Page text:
How did a tough market in 1992 become particularly dynamic in 2022? Has death become a trend? Or is it due to the ingenuity of many players who, surfing on cultural, legislative and technological developments, have almost managed to make people “like” death?
These actors are, of course, not only the undertakers, the inevitable interlocutors of the families and the entourage of the deceased, but also the countless start-ups seeking to disrupt the various mortuary markets one by one, such as Grantwill, which wants to become the “first post-mortem social network” , or even Testamento, which attacks notaries with its offer of secure holographic wills.
It is these players, their offers and their way of functioning that Faouzi Bensebaa and Fabien Eymas analyze in their book Le business de la mort (Éditions L’Harmattan), which we offer you the good sheets here…
The revitalization of the death market began notably with the promulgation of the Sueur Law, which sounded the death knell for the municipal monopoly on undertakers. This led to the development of a smaller number of private players who, by exploiting the oligopolistic structure of the market, were able to raise prices and thus increase their turnover.
Nevertheless, the funeral market and more generally death-related markets still appear to be regulated. When a person dies, it is necessary to respect the temporality indicated in the legal texts. For example, the certification of death must be carried out by a doctor within 24 hours, and the cremation or burial must take place within an interval between no earlier than 48 hours after the death and no later than 6 days. Regulation also plays a role in the development of death-related markets. In this regard, France appears cautious and its rules prevent – rightly or wrongly – the development of markets such as cryogenics, ash scattering or assisted suicide.
By imposing the scattering of all the deceased’s ashes in the same place, French law reduces the ability of families to use certain creative services that are being developed abroad. However, the development of cremation – 1% of deaths in 1980 versus almost 40% today – increases the potential need for differentiation in ash scattering. If in France it is possible to have one’s ashes scattered in the middle of nature (forest, sea, etc.), their transformation into diamonds, their emission into deep space or depositing part of them in a dildo as proposed by a Dutch designer doesn’t seem possible. Should we regret it?
On the more sensitive subject of assisted suicide, legislation that goes against the grain allows a country, in this case Switzerland, to benefit from a competitive advantage over the rest of the world. Specifically, since this market can only exist in Switzerland, this country attracts many non-Swiss European citizens who wish to end their lives, making the Swiss Confederation the leading destination for “death tourism”.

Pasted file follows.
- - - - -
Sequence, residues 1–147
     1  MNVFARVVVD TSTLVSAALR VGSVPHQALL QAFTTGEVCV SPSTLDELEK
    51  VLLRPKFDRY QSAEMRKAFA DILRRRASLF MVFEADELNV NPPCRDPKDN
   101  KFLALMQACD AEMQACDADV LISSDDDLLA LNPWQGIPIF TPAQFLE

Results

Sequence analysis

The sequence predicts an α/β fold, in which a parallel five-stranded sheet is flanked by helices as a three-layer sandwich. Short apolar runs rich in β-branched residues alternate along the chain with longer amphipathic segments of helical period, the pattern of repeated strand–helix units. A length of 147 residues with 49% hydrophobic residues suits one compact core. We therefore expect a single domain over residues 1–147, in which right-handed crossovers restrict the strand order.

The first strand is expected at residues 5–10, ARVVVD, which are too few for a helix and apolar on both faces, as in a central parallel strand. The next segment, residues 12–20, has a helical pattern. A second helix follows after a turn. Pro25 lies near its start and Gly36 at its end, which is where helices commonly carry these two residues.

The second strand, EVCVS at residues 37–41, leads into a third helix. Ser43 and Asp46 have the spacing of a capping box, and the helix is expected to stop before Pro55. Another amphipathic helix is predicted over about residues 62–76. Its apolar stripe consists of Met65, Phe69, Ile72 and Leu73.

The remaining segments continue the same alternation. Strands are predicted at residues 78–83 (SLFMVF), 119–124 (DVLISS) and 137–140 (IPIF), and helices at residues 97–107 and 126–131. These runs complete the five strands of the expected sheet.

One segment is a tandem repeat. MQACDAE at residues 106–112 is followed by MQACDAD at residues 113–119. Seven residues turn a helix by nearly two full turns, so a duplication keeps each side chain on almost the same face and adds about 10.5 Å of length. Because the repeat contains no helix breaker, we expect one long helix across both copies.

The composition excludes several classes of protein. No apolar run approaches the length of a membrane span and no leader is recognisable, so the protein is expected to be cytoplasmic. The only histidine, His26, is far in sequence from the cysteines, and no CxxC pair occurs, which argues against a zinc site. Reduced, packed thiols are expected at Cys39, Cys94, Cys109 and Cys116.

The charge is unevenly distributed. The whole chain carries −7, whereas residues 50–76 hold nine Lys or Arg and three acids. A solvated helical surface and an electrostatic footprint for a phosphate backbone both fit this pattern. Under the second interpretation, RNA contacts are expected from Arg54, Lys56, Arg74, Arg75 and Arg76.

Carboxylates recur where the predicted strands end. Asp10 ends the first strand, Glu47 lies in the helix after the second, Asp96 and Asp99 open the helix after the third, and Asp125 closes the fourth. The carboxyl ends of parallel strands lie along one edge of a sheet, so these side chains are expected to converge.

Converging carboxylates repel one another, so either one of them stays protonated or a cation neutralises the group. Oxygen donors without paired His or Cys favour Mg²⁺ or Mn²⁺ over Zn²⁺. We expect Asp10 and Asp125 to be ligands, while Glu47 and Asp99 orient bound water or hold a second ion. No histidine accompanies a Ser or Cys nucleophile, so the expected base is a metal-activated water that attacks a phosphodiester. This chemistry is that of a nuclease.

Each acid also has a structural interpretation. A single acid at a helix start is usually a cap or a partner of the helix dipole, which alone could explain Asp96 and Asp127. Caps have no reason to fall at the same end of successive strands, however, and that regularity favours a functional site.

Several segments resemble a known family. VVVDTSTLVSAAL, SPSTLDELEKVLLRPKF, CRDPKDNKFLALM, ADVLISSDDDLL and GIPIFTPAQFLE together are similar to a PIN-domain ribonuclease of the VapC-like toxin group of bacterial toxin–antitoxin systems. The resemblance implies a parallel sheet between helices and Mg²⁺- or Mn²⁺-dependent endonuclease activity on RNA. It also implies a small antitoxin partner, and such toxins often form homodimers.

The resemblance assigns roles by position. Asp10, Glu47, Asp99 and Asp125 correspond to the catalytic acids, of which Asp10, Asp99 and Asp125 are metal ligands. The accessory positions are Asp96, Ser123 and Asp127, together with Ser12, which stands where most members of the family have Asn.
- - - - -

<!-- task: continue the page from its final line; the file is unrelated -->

Even when it comes to pet funerals, not everything is possible. If animals weighing up to 40 kg can be buried on the family property, it is in a pit at least 1 meter deep and at a distance of at least 35 meters from homes and water bodies. But burials in animal cemeteries – the one in Asnières-sur-Seine (92) dates from 1899! – and above all, cremations are on the rise. In the United States, more than 500,000 animals a year have the right to a funeral!
An Uberization underway?
Unable to enter legally inaccessible markets, French start-ups are attacking traditional undertakers and… notaries! The former, accused of charging opaque prices – and therefore necessarily abusive – must deal with the emergence of online morticians who offer comparable services while promising knockdown prices.
Paradoxically, the arrival of these digital companies in the 2010s did not – far from – prevent the inflation of prices from traditional undertakers. They certainly take advantage of, or have taken advantage of, the low attractiveness of their customers—people aged 60 to 70 on average—to online shopping. Surely a simple respite that requires profound development of actors who benefit from the emergency faced by families.
Another example of an attempt to exploit historical actors is the start-up Testamento, which is attacking the de facto monopoly of notaries on the market for wills. But on closer inspection, it seems to us that this is not a frontal attack, but rather an additional proposal, which should not, at least at the moment, put notaries in trouble.
There are actually three types of wills: holographic, authentic, and mystical. The first is prepared and kept by the testator himself, while the other two require the intervention of a notary: for preparation and preservation in the case of the authentic will and simply for preservation in the case of the secret will.